Those treated with isotretinoin have increased risk up to six months after treatment
FRIDAY, Nov. 12 (HealthDay News) -- Individuals treated with isotretinoin for severe acne are at an increased risk of attempted suicide up to six months after the end of treatment, though there is already an increased risk in acne patients before treatment, so an additional risk due to treatment cannot be established, according to a study published online Nov. 11 in BMJ.
In a retrospective cohort study, Anders Sundström, of the Karolinska University Hospital in Stockholm, Sweden, and colleagues evaluated 5,756 patients aged 15 to 49 years prescribed isotretinoin for severe acne. The patients were observed before, during, and after treatment.
The researchers found that the standardized incidence ratio for attempted suicide was 1.57 for all attempts and 1.36 for first attempts during the year prior to treatment. During and up to six months after treatment, the standardized incidence ratio was 1.78 for all attempts and 1.93 for first attempts. Three years after treatment was completed, the observed number of suicide attempts was in line with the expected number, and remained so during 15 years of follow-up. The investigators also found that 38 percent of patients who made their first suicide attempt prior to treatment and 71 percent who made their first suicide attempt within six months after treatment stopped made a new attempt or committed suicide during follow-up.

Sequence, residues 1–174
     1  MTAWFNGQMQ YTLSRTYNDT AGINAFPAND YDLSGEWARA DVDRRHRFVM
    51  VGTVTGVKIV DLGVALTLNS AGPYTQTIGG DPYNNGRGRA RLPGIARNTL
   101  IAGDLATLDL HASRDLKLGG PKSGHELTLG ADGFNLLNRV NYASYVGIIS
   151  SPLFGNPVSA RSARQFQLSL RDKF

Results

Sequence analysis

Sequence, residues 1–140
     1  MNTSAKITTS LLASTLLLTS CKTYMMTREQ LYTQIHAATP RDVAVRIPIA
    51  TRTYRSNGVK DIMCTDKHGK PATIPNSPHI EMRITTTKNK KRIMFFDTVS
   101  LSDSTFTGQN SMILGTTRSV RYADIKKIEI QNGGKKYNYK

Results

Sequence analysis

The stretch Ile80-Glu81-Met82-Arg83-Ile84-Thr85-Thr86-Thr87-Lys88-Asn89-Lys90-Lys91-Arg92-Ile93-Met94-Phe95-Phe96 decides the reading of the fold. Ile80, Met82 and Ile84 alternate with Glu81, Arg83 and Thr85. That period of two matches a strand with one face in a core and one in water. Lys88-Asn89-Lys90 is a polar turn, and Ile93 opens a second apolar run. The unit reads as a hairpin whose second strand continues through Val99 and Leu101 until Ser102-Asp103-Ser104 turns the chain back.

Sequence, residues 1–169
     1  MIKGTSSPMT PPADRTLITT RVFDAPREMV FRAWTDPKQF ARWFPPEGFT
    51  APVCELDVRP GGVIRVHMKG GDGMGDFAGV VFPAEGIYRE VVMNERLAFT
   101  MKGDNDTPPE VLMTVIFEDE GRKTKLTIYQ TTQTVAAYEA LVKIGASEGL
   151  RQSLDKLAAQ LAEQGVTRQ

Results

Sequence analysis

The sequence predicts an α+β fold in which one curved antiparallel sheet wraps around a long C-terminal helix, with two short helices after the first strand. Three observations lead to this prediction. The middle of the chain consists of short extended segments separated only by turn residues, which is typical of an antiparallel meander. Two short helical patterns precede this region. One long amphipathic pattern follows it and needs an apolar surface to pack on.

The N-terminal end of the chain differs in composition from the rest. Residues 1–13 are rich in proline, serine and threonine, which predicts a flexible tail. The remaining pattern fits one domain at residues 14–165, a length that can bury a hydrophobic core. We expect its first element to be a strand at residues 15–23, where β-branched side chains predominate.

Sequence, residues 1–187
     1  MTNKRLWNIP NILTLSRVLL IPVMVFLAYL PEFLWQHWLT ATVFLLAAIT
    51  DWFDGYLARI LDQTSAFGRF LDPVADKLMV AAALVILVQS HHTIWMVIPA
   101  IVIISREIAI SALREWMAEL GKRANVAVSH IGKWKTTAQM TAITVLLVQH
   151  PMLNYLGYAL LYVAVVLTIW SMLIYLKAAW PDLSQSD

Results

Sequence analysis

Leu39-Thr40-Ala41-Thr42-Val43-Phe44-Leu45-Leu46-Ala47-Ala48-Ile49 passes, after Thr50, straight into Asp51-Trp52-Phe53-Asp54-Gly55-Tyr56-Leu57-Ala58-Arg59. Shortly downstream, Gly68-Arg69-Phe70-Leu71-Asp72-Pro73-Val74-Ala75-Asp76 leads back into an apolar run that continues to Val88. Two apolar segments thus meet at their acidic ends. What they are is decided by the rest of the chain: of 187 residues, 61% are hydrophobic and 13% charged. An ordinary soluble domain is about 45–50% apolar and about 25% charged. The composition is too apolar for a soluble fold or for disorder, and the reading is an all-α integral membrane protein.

"An increased risk of attempted suicide was apparent up to six months after the end of treatment with isotretinoin, which motivates a close monitoring of patients for suicidal behavior for up to a year after treatment has ended. However, the risk of attempted suicide was already rising before treatment, so an additional risk due to the isotretinoin treatment cannot be established," the authors conclude.
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